The Packard straight eight engine developed 90 horsepower with the addition of the new model 51 updraft Detroit Lubricator carburetor. Powered was transmitted to the rear wheels through the transmission with a single plate clutch which with the addition of an extra low gear in 1930 had four forward speeds. The Packard 7-33 used a seven-volt lighting system with pure silver parabolic headlight reflectors and featured four-wheel assisted 16-inch mechanical drum brakes for 20-inch diameter wheels.

Since 1924 all Packard cars had featured the patented George Bijur chassis lubrication system, which lubricated 43 points of the chassis from a one quart central reservoir with a vacuum operated pump which was triggered by a spring-loaded handle adjacent to the steering column. The Packard 7-33 used a seven-volt lighting system with pure silver parabolic headlight reflectors and featured four-wheel assisted 16-inch mechanical drum brakes for 20-inch diameter wheels.

The 4745-pound curb weight seven-passenger sedan shown in the Woodland Auto Display features the optional fender parking lights (a $20 option) as well as the optional dual side-mount spare wheels. The big sedan is equipped the standard steel disc wheels instead of the optional wire or wooden wheels which fell out of vogue with the buying public in the early nineteen thirties. .

Dick Woodland’s car features the “Adonis” (alternately known as the “sliding boy”) hood ornament designed by New York sculptor Edward McCarten which was only offered by the Packard factory for two model years.  This hood ornament design patent (as opposed to a utility patent) was applied for on November 7 1928 with patent D79561 issued by the United States government on August 8 1929.

Even as the Depression deepened, Packard remained committed to the production of opulent cars and introduced a twelve-cylinder (or “twin six”) model in 1932. By 1935, Packard management gave in to the economic realities and introduced a lower-cost “Junior” series (the six-cylinder 110 and the eight-cylinder 120) which sold for less than $1000 and the brisk “Junior” sales saved the company. In 1936, a Packard “Junior Series” ‘120’ convertible coupe paced the start of the Indianapolis 500-mile race and at the suggestion of its driver Tommy Milton, that car began the tradition of awarding the Pace Car to the race winner.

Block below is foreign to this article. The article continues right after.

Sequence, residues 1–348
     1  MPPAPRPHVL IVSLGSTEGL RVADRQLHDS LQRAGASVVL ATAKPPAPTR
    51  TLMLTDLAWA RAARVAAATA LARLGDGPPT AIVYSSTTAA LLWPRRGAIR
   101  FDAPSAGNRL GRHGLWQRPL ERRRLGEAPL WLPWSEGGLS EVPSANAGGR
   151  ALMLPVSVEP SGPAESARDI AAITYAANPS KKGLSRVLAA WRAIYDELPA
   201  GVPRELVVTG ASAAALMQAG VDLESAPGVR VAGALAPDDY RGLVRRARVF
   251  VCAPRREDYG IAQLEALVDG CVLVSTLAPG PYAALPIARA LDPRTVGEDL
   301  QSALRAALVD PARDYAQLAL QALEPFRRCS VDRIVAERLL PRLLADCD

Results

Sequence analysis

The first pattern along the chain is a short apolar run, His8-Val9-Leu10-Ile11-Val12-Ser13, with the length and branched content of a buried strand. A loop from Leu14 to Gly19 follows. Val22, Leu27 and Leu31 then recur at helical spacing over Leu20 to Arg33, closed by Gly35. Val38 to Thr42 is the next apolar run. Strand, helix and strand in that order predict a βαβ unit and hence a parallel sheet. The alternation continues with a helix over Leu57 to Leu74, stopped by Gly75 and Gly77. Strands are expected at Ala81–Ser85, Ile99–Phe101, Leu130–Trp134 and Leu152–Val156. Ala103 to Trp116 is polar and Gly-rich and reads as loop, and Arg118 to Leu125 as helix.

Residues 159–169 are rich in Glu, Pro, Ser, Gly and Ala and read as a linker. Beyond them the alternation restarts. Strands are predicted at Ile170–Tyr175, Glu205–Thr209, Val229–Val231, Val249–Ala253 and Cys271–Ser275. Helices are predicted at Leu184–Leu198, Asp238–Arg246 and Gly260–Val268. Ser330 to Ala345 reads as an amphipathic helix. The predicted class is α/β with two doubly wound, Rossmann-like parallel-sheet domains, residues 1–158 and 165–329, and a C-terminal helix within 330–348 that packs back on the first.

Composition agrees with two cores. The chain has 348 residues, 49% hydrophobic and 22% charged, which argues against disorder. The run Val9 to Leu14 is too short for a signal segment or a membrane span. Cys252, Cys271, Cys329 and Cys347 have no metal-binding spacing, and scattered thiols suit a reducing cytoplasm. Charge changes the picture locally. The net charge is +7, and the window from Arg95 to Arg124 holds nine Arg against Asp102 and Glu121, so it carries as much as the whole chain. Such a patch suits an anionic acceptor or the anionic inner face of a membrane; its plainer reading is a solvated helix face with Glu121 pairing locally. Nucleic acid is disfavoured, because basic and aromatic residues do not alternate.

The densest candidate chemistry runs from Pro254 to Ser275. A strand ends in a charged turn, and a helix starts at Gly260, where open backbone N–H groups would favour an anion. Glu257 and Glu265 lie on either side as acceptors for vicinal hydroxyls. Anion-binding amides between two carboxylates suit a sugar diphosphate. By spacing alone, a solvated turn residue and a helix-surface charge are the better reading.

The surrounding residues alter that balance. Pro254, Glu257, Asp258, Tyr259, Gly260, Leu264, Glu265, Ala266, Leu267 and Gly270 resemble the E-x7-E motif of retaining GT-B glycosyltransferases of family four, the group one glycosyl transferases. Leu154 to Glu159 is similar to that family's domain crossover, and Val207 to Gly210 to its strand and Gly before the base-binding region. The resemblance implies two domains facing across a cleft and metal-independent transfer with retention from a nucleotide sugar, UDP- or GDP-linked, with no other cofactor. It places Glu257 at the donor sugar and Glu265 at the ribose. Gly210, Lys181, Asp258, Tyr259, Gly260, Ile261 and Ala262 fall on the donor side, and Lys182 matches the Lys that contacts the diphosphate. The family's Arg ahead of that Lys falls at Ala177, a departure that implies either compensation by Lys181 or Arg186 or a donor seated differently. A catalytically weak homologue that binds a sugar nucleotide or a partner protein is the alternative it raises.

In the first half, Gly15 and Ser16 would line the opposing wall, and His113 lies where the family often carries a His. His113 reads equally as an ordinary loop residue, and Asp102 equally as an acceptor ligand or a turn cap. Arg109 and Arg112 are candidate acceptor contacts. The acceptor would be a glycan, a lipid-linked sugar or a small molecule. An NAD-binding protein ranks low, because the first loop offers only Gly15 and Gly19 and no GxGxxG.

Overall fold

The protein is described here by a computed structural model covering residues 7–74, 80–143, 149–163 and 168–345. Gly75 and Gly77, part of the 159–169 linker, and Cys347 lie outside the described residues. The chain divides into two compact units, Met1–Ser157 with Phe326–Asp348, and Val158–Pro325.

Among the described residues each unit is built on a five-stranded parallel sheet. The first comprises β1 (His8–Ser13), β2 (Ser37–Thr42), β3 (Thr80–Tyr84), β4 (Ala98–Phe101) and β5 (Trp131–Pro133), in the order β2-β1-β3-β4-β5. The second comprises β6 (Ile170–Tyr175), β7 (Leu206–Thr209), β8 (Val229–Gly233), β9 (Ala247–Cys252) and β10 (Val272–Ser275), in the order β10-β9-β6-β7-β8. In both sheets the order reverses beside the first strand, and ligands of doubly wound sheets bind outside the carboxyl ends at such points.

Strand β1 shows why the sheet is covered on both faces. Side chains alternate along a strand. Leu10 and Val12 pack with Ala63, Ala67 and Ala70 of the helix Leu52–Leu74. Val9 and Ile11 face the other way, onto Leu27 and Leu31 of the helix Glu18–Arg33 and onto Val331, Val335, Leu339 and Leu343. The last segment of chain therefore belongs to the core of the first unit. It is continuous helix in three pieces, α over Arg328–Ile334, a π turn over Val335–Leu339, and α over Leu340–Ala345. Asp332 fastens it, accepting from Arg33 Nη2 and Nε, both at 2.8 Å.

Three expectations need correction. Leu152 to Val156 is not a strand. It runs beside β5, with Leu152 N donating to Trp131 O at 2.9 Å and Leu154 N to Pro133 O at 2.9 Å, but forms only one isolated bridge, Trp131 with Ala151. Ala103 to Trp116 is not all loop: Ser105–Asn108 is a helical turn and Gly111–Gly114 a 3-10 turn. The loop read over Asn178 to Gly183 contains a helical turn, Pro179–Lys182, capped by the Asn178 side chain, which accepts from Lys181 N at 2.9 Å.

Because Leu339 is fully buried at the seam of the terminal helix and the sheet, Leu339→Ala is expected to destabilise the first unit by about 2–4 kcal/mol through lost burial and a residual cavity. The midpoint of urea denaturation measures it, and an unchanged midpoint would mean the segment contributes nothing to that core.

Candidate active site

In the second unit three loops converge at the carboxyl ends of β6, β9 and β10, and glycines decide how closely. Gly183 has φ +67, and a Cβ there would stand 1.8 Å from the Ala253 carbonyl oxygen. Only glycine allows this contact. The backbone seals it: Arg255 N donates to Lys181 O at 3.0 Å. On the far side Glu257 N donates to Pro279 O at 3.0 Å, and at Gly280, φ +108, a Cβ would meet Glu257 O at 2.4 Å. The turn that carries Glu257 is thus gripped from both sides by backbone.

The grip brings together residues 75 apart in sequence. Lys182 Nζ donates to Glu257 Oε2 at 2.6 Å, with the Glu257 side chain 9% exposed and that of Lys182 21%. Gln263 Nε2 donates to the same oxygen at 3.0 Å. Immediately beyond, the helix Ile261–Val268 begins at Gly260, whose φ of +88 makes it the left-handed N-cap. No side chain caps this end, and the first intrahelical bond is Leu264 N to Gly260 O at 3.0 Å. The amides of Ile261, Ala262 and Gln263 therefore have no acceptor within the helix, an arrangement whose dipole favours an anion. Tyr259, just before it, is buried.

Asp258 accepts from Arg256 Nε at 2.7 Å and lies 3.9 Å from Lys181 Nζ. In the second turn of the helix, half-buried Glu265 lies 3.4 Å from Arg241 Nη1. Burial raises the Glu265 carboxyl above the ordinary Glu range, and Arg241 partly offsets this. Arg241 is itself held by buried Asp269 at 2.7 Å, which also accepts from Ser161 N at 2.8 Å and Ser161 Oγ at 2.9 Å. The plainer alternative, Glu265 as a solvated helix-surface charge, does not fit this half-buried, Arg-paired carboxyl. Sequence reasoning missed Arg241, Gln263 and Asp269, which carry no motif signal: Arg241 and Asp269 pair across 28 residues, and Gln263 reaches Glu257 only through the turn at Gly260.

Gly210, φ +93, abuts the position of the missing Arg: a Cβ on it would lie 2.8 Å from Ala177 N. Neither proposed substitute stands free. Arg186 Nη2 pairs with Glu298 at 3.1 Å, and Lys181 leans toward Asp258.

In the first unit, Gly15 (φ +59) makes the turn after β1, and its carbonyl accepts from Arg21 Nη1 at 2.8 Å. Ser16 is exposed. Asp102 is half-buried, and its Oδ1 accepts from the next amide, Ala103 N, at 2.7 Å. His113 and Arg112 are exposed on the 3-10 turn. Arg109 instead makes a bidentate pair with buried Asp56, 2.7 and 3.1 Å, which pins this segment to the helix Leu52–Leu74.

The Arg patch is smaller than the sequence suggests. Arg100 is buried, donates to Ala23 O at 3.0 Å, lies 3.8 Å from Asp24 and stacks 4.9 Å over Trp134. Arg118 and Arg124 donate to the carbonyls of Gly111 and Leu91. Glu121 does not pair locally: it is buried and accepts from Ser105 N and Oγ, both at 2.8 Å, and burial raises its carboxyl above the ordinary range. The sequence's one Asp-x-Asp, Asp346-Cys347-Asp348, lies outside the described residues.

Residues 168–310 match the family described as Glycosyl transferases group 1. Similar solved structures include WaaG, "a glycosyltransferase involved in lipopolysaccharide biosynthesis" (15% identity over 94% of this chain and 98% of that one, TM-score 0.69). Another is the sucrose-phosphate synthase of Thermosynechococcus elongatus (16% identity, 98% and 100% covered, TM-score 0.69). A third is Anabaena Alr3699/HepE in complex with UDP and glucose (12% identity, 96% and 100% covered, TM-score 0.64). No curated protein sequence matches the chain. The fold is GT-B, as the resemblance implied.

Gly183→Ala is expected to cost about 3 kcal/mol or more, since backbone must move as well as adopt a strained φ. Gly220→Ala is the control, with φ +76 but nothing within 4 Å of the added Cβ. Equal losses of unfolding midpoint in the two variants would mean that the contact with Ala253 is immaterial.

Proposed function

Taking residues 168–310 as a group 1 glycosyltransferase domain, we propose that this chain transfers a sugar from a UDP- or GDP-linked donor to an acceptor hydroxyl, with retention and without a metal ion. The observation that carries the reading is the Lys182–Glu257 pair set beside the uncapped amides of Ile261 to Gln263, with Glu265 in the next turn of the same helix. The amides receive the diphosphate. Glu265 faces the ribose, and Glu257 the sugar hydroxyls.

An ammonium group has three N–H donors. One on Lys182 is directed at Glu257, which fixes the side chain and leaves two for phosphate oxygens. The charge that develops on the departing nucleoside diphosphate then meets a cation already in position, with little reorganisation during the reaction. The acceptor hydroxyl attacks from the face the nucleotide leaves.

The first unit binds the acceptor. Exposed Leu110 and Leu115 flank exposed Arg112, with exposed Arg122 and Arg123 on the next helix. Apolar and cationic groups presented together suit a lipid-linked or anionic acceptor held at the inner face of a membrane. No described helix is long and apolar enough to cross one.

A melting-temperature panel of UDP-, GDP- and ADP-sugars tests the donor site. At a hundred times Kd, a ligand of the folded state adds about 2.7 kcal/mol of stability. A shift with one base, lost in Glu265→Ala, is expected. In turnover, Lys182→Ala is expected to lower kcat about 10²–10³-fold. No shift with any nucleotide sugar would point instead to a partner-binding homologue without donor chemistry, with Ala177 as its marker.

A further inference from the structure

During World War Two Packard earned a sterling reputation for building aviation and marine engines, but following the war, the buying public became unable to differentiate the blurred lines between the Packard “Junior” and “Senior” series (sold as the Six, Custom, Deluxe and Super) and Packard sales slowly declined. Packard and Studebaker entered into an ill-conceived merger in 1954 largely funded by the Metropolitan Life Insurance Company, but afterwards Packard sales continued to slide.

The last “true” Packard a four-door Patrician rolled off the Detroit assembly line on June 25 1956. The final two years of production in South Bend Indiana used Studebakers with fiberglass panels bolted on and are known derisively as “Packardbakers;” the last car rolled off the South Bend assembly line on July 13, 1958.
Except as noted all photos were taken by the author who extends his thanks to Dick Woodland for maintaining and sharing his great collection.

Wednesday, February 1, 2017

Good Guys 1963 1/2 Giveaway Galaxie

The Good Guys Rod & Custom Association booth at the 2016 SEMA (Specialty Equipment Market Association) show in Las Vegas featured the Good Guys 2017 Giveaway car, a custom 1963 ½ Ford Galaxie Fastback.

This body style with a sporty roof line and no post was introduced by Ford Motor Company mid-way through the 1963 model year known officially as the “Sports Hardtop.”  By changing the roofline, the improved aerodynamics made it more competitive in high-speed NASCAR (National Association of Stock Car Racing) competition.

Reportedly testing revealed that a 1963 ½ Ford Galaxie Sports Hardtop required 100 fewer horsepower to maintain 160 miles per hour around the Daytona Motor Speedway 2 ½-mile oval than did a 1963 Ford Galaxie “notchback.”  As a bonus to Ford, the fastback body style proved to be a winner in the showroom as well as the race track, and was far and away the most popular 1963 Ford Galaxie body style

The Good Guys Giveaway car designed by Eric Brockmeyer and built by Legens Hot Rods of Martin Tennessee is finished in a custom mixed PPG tan paint, matte bronze plating of the bumpers and trim and a brown custom leather interior.

Under the hood the Galaxie features a Ford Racing Performance Coyote 5.0 liter V-8 engine and a Tremec transmission nestled in a Roadster Shop chassis with Roadster Shop suspension parts.  The custom Greening Auto Company wheels are finished to match the matte bronze finish of the rest of the trim on the Galaxie.

The Galaxie will be given away during the 20the annual Good Guys PPG Nationals in Columbus Ohio in July of 2017. Check out the link for a free chance to enter at

Photos by the author